Since the Coronavirus Aid, Relief, and Economic Security Act (CARES Act) was signed into law on March 27, we’ve all been wondering when the stimulus check will hit our bank accounts. In this post you’ll find the answers to how much you can expect and when it should arrive.
How much will I get?
How much you receive depends on your adjusted gross income. Single filers and heads of household with an adjusted gross income of less than $75,000 will receive the maximum amount of $1,200. For joint filers whose adjusted gross income is under $150,000 will receive $2,400.
The rebate phases out at $50 for every $1,000 of income earned above those thresholds.
If you’re a parent, you can expect a little extra. There is a $500 payment for each child under the age of 17.
When will I get my stimulus check?
If you have filed your 2018 or 2019 tax returns and the IRS has your direct deposit information, payments are scheduled to arrive via direct deposit in your bank account by April 15.
If you did not offer any banking information when you filed your taxes, or if you have not filed a tax return in 2018 or 2019, you will receive a paper check at your last known mailing address. It could take up to 20 weeks or more for a paper check to arrive.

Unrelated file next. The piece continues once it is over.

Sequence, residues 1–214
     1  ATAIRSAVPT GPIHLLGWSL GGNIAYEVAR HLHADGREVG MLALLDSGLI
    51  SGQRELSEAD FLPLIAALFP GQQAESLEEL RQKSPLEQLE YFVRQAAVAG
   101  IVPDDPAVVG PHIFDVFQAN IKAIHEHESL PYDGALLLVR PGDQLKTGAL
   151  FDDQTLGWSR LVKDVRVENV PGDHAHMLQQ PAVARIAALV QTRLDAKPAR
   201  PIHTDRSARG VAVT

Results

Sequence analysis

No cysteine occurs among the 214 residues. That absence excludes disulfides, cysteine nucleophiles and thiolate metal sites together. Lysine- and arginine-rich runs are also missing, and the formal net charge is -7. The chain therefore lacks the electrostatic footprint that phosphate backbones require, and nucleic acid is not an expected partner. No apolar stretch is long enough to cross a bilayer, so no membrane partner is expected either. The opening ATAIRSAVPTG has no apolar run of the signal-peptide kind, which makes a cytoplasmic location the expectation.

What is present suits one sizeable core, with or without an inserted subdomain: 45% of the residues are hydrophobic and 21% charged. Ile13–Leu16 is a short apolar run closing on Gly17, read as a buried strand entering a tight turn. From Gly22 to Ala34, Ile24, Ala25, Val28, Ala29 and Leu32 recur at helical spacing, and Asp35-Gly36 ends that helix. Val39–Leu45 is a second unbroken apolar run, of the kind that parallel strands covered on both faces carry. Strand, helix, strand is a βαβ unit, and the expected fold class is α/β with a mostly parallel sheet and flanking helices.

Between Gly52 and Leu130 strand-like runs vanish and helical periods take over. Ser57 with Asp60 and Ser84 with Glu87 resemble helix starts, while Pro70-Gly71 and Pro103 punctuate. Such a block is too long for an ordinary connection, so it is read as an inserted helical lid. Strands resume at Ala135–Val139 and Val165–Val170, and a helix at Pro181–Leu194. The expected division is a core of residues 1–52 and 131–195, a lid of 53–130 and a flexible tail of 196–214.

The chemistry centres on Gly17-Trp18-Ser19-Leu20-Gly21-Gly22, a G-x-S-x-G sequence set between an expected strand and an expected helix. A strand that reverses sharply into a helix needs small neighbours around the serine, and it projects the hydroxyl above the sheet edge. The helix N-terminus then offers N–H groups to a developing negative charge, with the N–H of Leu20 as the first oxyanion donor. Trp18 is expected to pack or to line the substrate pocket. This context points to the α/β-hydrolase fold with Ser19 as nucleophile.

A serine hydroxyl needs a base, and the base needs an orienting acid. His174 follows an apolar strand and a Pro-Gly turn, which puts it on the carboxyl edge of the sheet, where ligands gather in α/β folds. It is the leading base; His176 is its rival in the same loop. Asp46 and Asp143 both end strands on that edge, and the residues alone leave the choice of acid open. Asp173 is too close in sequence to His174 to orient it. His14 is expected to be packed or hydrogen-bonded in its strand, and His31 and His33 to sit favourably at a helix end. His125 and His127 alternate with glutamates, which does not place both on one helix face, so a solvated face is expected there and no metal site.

To help out filers who did not supply banking information, the IRS is setting up a web portal for tax payers to offer banking information in order to receive those payments electronically. TurboTax has developed a portal of its own for those who want to calculate their adjusted gross income and submit direct deposit banking information. This will hopefully help you get your check faster.
What if I am on Social Security retirement or disability?
Stimulus payments of $1,200 will go automatically to Americans who are on Social Security retirement and disability, whether or not they have filed a tax return in 2018 or 2019.
Will I still get a tax refund?
The stimulus check is not a tax refund. You will still receive a tax refund if applicable, as long as you file your return.
Note about safety
The government will never call you, send you an email, or try to communicate with you through social media. If you receive a message do not respond. It is most likely a scam.